26 October 2012

As I approached Joy, she started getting up. “Go ahead,” I said, “I’ll watch your stuff.” She headed off to the library.

When she returned I said, “I visited Serge, yesterday. His breathing tube is out, he was sitting up, muttering away in French. He didn’t recognize me or the names of his friends, except William. He scowled and his blood pressure went from 130 to 180. What do you think that was about? Do you think William pushed Serge?”

Joy said, “I’ve never liked that guy. I’d rather punch him in the face than talk to him. I told Serge that his bruises looked more like they had been caused by a fist,  and not a fall. I’ve had a lot of experience in that area. I’m going to have a talk with William.”

“Did you sleep at home last night?”

“Yeah, I was tired. I walked in, took one look at the kitchen, and lay on my air mattress. I slept until about three o’clock. Chester came home, I said, ‘Look at this mess. Didn’t you tidy up at all while I was away? I looked in the cupboard and you’ve eaten my last can of soup. What am I supposed to eat?’ He said, ‘Well, I don’t have anything to eat either.’ I said, ‘Take some of the change you’ve got on the table and buy yourself something.’ His check comes tomorrow, maybe he’ll buy groceries, but I’m not counting on it. I’ve even thought of going back to Cornerstone, just until they find me a place.”

A woman stopped and handed Joy a huge lollipop. “What flavor is this?” asked Joy.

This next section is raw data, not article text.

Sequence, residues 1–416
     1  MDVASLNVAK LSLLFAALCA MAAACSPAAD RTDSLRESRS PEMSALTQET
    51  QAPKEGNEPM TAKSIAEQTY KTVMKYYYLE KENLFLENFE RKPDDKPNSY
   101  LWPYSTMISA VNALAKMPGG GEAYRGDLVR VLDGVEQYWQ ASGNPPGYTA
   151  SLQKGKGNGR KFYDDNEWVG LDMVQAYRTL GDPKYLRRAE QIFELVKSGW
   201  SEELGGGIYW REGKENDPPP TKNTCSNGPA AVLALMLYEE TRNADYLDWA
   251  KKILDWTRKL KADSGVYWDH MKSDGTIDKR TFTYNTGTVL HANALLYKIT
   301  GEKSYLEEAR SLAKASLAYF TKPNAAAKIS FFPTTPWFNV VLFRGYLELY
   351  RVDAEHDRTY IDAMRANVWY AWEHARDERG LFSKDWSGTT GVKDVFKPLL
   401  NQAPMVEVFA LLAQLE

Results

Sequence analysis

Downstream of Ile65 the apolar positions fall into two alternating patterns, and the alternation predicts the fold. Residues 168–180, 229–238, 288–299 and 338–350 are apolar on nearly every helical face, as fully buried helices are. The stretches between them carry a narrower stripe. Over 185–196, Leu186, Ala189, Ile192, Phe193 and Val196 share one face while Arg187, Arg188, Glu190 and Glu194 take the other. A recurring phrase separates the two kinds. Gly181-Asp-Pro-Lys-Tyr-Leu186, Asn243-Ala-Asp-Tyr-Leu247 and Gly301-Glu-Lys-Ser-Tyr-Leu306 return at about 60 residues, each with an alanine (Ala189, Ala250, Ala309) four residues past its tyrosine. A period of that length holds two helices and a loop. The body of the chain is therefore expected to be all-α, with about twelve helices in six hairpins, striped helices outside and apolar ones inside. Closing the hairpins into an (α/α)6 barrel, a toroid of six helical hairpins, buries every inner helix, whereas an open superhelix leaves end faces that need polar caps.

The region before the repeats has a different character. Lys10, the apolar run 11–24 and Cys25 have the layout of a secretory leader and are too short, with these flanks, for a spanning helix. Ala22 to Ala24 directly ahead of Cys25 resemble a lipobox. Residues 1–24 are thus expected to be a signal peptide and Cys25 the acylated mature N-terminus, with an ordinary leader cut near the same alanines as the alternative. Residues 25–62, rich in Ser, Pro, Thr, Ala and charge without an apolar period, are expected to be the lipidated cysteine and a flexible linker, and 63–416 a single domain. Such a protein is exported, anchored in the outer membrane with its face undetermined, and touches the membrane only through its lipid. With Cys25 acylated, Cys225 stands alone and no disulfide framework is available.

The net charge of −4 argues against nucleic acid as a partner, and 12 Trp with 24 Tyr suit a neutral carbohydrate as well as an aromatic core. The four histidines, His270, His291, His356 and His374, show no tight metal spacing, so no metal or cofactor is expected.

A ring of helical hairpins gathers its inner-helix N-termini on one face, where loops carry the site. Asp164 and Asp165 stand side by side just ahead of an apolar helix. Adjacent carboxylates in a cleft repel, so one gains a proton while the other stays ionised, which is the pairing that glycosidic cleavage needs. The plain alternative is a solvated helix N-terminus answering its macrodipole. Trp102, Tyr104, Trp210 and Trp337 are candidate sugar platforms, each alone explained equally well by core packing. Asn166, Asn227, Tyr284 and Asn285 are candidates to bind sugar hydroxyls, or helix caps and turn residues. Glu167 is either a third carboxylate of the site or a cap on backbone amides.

“I don’t know, all the other ones have been really good.”

“Through the wrapper, it smells like strawberry. Thanks!”

To me, she whispered, “This is the last thing I need. Look at all the food I got: chocolate bars, a club sandwich with chicken, lettuce, bacon and tomato, some kind of bagel, an apple, a banana. Here, you take the banana, it hasn’t even touched the sidewalk. After my stomach operation, my doctor told me not to eat bananas, too much potassium, it could kill me. In the winter when I’d get a banana, I’d put it on the sidewalk and when I’d pick it up, half of the peel would be stuck to the concrete. The apple I’ll give to Jacques. What I really want is a drink.”

“How was your appointment with your probation officer?”

“I’m so happy. I asked her, ‘So, when do I come back next? Do I have to report twice a week, Once a month?’ She said, ‘You’re done. No more visits, although I would like you to meet with Doris from the Elizabeth Fry Society. You seem to have made some progress with her.’ I agreed, I said, ‘She’s away for a week or so, but when she’s back I’d like to see her, but nobody else.’ I didn’t like the way that other woman talked to me on the phone, let alone sitting in a room with her and spilling my guts. Doris even lets me drink there. I told her, ‘If I’m sober, I’m not going to say a word. If I can drink, I’ll relax a bit and will feel more comfortable. Some of the shit I went through is still upsetting.’

“I got a letter from two of my sons.  The youngest calls me Aunt Joy, but he was really close to my mother — I don’t mind that. They’re both doing well. I’m going to write back to them. Finally, I have contact with two of my sons again.”

At noon I met with six of my friends including Curly with his skateboard, and Danny in his motorized wheelchair. Joy looked very relaxed.

I said, “You must be happy, with no probation to worry about.”